Review: ‘The Hobbit’ in 48fps HFR (Spoiler Free)
As a huge fan of Peter Jackson’s Lord of the Rings movies, I was eager to see what he was going to do with The Hobbit, and was also particularly interested to see the film running in the HFR version. Rather than a review of the film itself, this is more a review of the HFR experience.
What is HFR?
This is where the movie runs at 48 frames per second, rather than the standard 24 that we’re used to.
Why shoot in HFR 3D?
Well, its a much closer frame rate to what the eye generally sees, so creates a much clearer image, and should help solve some of the issues with 3D – i.e. the massive light loss and blurriness.
So, is HFR 3D any good?
I’m not really a fan of 3D movies generally as I don’t really find it adds anything, but HFR 3D version does solve the 2 issues i mentioned above, as well as improving the layering problem – where it looks like the characters and scenery are stuck on flat layers like cardboard cut outs. However, it introduces a new issue, which is that the pictures looses that movie ‘gloss’ we’ve some to expect on cinema screens. I’ve heard some people describe it as more like watching a massive TV, but i’d opt more for saying it’s closer to watching a stage production. Everything is so clear, and SO ‘real’ it massively alter the viewing experience compared to what you’d expect from a traditional cinema experience.
The big question is, does that make HFR 3D a bad thing?..
Personally I’d say no. It makes it different. Where as people talked about Avatar being the big step forward in 3D, this is a colossal leap. HFR really is the change that the film companies have been trying sell us that 3D was going to be. It totally changes the viewing experience. I’ve heard a number of people say that it shows up faults in the sets and make up, but personally I didn’t find that at all. It just makes it look more ‘real’. However, there is an argument to be make for the fact that ‘more real’ isn’t what you want in a fantasy movie, so maybe The Hobbit wasn’t the best choice for premiering this technology. To the huge credit of WETA though, the CGI work is nothing short of phenomenal. The CGI characters look like they are actors. There is a scene between (minor spoiler if you don’t know anything about The Hobbit, but i’m mentioning it as I assume you do if you’re reading this!) Bilbo and Gollum, where you can really see Andy Serkis’s expressions mixed into the performance. It is a bit strange seeing a world which looks so realistic, but then has various weird and wonderful creatures created in such astounding detail. You know they can’t be real, but they don’t look out of place.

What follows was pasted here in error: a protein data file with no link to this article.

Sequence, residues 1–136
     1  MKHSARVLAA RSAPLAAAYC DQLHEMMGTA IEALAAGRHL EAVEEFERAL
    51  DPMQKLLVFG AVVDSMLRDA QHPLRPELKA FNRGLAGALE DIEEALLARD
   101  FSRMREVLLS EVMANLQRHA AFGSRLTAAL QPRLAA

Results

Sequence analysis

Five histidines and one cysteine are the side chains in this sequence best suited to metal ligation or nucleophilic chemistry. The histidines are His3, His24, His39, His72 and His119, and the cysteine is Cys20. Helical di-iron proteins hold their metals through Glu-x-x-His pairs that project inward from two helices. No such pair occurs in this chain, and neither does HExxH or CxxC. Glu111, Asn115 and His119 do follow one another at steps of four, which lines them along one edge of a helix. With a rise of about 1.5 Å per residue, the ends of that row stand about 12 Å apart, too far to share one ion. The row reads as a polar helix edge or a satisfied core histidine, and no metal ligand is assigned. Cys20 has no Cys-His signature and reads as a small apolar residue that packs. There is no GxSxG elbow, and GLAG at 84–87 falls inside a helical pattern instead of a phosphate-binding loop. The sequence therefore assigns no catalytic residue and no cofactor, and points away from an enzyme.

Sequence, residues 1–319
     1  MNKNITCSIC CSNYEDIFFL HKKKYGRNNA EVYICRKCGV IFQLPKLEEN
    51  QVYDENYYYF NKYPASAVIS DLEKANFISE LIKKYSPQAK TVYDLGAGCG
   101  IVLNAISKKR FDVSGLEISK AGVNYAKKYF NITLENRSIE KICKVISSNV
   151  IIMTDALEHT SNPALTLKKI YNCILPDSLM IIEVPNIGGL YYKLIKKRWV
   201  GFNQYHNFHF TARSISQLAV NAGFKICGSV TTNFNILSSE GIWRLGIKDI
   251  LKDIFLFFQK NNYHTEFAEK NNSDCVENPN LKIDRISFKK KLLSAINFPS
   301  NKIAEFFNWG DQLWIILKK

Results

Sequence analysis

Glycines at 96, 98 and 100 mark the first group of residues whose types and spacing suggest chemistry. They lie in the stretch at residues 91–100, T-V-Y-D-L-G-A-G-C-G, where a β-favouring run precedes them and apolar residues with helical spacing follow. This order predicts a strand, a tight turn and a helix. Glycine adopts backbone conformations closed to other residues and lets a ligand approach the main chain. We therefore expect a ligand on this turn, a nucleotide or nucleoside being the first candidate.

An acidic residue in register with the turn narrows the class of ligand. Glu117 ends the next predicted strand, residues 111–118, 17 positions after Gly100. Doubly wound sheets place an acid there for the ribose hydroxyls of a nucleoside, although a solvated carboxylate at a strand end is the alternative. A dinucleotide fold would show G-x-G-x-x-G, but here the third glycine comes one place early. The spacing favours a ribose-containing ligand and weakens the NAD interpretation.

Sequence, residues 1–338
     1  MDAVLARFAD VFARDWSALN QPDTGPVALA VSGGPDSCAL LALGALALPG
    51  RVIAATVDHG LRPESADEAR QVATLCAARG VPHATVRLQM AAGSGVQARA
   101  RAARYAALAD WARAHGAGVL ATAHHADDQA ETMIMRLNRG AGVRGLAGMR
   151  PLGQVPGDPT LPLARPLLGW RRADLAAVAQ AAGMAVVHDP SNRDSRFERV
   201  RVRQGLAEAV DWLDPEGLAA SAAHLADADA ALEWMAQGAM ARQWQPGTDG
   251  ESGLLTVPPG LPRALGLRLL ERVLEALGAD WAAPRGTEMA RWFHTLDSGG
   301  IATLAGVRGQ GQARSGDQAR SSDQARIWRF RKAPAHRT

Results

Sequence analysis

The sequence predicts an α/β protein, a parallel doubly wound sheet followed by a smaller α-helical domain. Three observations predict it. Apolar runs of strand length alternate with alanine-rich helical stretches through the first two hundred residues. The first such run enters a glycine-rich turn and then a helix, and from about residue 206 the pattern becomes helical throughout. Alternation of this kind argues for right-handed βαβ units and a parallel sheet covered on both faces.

In the same way some people prefer the theatre over film, HFR will very much divide opinion. Is a film shot in HFR still a film, or is it something else? Personally, I’m looking forward to seeing the traditional 24 FPS version – not in 3D – to see how that alters the viewing experience. Overall, it’s fair to say I don’t think Peter Jackson has totally got a handle on HFR yet, but I am excited to see how he refines and pushes the process forward over the next 2 movies.
If you’ve caught The Hobbit in the HFR version i’d be really interested to hear your opinions on it, so feel free to leave them in the comments.
Dave has over 20 years experience in the digital industry, and is founder and editor of Geektown. Obviously a huge geek himself, he can often be found in front of the latest tv show or movie, on various video games, or with his head in a comic book.